Saturday Nights at the Getty presents Midori Takada
Midori Takada is a composer, multi-percussionist, and theater artist renowned in Japanese vanguard circles. In 1983, she released her influential debut solo album Through the Looking Glass. This timeless, minimalist classic–which Takada recorded in two days using bells, marimbas, reed organs, gongs, ocarinas, and Coca-Cola bottles–is inspiring a new generation of listeners after it was reissued to critical acclaim in 2017. The album explores contemplative ambient sounds that are alternatively ethereal and vibrant, yet always precise and mesmerizing, affirming Midori's rightful place in the canon of minimalist composers alongside Brian Eno, Phillip Glass, Pauline Oliveros, Terry Riley, and Steve Reich.
Takada's hypnotic music is based in the concept of coherence between sound and the human body. Her melodies are initially simple, but as they begin to loop and splinter their rhythm breaks and thickens, slowly drawing the listener into another reality. With an encyclopedic knowledge of Asian and African percussive traditions, her fascination has resulted in joint projects with Kakraba Lobi from Ghana, Lamine Konte from Senegal, Farafina Band from Burkina Faso, and Korean musicians such as zither player Chi Seong-Ja, flutist Won-Il, and saxophonist Kang Tae-Hwan. She also led Mkwaju Ensemble's innovative percussion project and still performs with free-jazz band Ton-Klami, alongside Kang Tae-Hwan and jazz pianist Masahiko Satoh.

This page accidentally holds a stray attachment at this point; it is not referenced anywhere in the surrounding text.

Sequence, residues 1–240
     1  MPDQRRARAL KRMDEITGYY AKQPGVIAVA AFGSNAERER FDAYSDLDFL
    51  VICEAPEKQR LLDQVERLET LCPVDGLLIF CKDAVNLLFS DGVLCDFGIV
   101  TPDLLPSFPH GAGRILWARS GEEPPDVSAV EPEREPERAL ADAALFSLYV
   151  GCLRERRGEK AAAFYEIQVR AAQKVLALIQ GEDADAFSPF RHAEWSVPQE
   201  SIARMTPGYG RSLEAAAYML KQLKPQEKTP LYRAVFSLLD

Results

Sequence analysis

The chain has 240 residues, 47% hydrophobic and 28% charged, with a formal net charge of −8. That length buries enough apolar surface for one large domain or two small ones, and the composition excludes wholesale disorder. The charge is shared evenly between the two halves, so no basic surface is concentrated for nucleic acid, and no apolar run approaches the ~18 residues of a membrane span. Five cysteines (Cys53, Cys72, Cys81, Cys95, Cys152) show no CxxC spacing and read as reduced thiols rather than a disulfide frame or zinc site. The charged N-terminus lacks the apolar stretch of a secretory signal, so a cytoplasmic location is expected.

In addition to an international solo career, she often collaborates with renowned pianist Masahiko Satoh and released the album Lunar Cruise with him in 1990, which was also reissued last year. In the past 20 years, Takada has spent more time in theaters than in concert halls, composing and performing live music for theatrical productions such as Tadashi Suzuki's visonary adaptations of Electra and King Lear.
Harold M. Williams Auditorium at the Getty Center
Free; with reservation.
Parking is $10 after 3 p.m.
Learn more at: getty.edu/360